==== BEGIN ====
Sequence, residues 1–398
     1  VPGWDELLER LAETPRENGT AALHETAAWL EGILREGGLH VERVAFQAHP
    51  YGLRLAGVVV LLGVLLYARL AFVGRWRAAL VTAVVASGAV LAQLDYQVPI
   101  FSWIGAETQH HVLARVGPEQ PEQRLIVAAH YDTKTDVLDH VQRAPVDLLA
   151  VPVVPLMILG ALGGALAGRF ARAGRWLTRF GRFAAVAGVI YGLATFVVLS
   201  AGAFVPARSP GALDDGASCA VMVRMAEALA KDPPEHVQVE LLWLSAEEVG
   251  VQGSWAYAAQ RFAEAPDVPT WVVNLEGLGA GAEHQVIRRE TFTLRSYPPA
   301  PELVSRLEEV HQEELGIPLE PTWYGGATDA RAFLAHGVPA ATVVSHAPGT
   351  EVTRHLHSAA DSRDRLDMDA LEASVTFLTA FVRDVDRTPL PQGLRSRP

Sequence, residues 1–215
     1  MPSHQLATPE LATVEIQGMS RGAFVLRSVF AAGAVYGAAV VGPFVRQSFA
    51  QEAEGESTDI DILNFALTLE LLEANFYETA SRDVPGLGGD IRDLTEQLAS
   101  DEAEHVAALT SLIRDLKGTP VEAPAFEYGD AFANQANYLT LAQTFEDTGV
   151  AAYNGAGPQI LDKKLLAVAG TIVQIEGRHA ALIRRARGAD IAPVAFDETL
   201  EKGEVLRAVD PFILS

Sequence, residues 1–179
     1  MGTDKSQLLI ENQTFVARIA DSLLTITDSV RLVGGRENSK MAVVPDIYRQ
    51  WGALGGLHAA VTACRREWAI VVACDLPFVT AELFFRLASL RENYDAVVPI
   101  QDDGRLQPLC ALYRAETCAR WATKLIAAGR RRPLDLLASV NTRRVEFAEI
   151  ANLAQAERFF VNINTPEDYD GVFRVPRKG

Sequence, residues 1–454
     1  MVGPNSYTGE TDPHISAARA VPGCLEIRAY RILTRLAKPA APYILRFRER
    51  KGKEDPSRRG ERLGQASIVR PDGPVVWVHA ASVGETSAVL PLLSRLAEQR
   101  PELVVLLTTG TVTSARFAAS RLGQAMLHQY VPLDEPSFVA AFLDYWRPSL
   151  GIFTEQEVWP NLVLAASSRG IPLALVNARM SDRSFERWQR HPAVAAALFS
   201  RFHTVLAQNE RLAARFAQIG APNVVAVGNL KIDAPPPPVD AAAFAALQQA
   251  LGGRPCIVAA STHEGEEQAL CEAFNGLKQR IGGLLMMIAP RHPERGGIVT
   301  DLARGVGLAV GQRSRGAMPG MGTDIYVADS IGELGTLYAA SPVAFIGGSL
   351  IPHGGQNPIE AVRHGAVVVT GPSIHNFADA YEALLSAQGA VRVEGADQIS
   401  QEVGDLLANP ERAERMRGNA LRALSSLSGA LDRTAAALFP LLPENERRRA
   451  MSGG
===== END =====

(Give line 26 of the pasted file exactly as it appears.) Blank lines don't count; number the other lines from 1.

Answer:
   201  RFHTVLAQNE RLAARFAQIG APNVVAVGNL KIDAPPPPVD AAAFAALQQA